I actually thought about that solution. Just seems like I would be running a greater risk of tape or camera failure in using it as a go between. There is also the question of quality loss, but I wouldn't know to what degree.

The other issue is the Canon Optura 20 has Analog and S-Video outs, but no in's unless they are running dual purpose (Which they may very well be). If I can find my cable, I'll give it a whirl and see where it goes.

Thanks!

John
 
Update on analog video capture:

Ok, the Pinnacle MovieBox USB came in Saturday. I hooked it right up with no real muss of fuss. It's a pretty little box and it pretty straight forward in the set up. Since I already have Studio 9 Plus there was no real installation and the drivers installed right off the bat with the USB recognizing the box.

OK, here's comes the test! I set this up as a pure analog system. This meant cabling over to the box from the VCR with RCA jacks (No S-Video on my cheap VCR). Open up Studio and select capture. Oops! If your going to capture from the MovieBox, you must go into the setup and selects it as your source. Studio does not auto-select.

OK, now I have it configured. Came right up. Interesting interface. You have a few areas that you can change (brightness, contrast, etc) real time during the capture. This helped as the initial capture was a bit dark.

MovieBox captures from a VCR in MPEG-2 format. This is all well and good, but not as good as AVI if you want to use Studio (or NLE of your taste) to edit the capture before outputting to another format. The capture was decent. There is compression artifacting throughout the capture and there was some color bleed on some of the still captures. All in all, not a bad solution for what I paid.

Studio 9, on the other hand, reared up it's ugly head on the edit side. For some reason, it really didn't like the capture and simply would not keep up with it in preview. The sound went way out of sync as opposed to what I was viewing. This required several start and stops of the preview just to see what was happening. Fortunately, this didn't translate over to the DVD as bad. On a 60 minute video, there was noticable out of sync after about 45 minutes. It wasn't bad, but enough to be a little distracting.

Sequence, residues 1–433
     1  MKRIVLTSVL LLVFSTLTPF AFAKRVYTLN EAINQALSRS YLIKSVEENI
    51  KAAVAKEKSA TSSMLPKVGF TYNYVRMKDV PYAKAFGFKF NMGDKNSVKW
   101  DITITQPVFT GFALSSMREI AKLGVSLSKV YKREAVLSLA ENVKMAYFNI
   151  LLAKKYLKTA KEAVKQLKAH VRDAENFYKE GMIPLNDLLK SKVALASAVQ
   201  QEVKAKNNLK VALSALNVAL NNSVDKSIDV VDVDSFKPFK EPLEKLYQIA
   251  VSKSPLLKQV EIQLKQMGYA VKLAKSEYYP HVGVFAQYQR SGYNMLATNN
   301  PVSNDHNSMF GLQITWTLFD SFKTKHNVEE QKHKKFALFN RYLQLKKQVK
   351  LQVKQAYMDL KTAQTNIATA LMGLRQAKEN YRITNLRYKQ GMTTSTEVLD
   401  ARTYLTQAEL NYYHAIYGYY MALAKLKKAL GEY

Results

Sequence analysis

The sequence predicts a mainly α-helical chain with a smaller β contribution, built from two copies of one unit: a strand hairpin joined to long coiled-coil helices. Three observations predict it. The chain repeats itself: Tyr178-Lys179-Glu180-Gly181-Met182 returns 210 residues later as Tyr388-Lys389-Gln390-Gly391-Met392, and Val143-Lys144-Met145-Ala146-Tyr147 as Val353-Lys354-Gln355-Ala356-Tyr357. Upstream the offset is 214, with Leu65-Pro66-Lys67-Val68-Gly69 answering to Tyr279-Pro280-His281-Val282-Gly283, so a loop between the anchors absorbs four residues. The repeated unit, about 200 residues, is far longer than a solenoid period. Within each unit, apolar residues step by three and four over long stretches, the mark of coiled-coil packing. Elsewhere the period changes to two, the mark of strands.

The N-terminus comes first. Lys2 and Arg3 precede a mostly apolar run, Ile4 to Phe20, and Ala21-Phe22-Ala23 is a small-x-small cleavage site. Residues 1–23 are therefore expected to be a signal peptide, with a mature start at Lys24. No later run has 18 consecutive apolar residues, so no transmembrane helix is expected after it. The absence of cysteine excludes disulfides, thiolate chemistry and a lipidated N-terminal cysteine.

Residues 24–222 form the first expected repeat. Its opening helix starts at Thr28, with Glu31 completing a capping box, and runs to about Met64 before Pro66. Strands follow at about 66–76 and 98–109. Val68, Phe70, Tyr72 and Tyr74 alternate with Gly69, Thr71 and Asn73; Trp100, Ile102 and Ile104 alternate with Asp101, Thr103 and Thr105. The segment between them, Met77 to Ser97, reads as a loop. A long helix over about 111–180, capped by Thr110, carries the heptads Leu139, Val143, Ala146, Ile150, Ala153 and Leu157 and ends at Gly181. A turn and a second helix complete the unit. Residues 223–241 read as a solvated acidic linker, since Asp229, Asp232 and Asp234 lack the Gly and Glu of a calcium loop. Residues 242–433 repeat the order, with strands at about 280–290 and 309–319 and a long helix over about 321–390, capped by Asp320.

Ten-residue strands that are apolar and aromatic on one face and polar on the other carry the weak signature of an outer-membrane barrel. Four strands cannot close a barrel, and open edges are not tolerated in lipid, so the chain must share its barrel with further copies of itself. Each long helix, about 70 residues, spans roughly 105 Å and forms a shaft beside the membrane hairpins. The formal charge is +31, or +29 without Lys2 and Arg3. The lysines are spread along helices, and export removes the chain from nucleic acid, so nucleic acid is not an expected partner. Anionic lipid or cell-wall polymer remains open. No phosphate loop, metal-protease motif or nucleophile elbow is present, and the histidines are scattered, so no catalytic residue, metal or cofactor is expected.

So, I have now made it my vow to not capture more than 15 to 20 minutes of Analog video at a time. If I need more than that, I will create another file. I will also look into encoding or converting the MPEG2 file to AVI for final editing and burning to DVD depending on quality loss as there is a definite quality loss just in the capture.

Final conclusion: It will work for now. This may be a decent solution for those that have the older cameras that don't support DV Out (Firewire or USB). It relatively cost effective as I found the MovieBox for $50 on E-Bay and that was brand new in a factory sealed box. This is opposed to $130 retail.

All in all, it's reasonable. It certainly isn't the greatest, but it 'ain't' the worst I've seen either.

Obviously, somthing that captures in AVI and feeds through Firewire is a better solution. I'm looking at some of the Canopus units right now. Now I only wish there were an affordable Mini-DV tape player that allowed DV out to computer.

Awwww someday. :roll:
 
Obviously, somthing that captures in AVI and feeds through Firewire is a better solution. I'm looking at some of the Canopus units right now. Now I only wish there were an affordable Mini-DV tape player that allowed DV out to computer.

Awwww someday. :roll:

Uhmm.. I use a mini DV camera for capturing. panasonic.. they go cheap 300-400$
 
I'll 3rd the DV option if it turns into an option for you. I tape straight to the dv tape from the 8mm then download from the dv tape thru the firewire.
 
I wanted to pick up the tail end of the thread.... are there any decent alternatives to MovieBox? I was about to pick one up on eBay but got to reading some reviews on Amazon and elsewhere, and it appears the thing is hit-or-miss... I'm not about to take a chance.

(if we can keep this focused on analog capture rather than firewire/Hi-8 setups I'd appreciate it)

Tim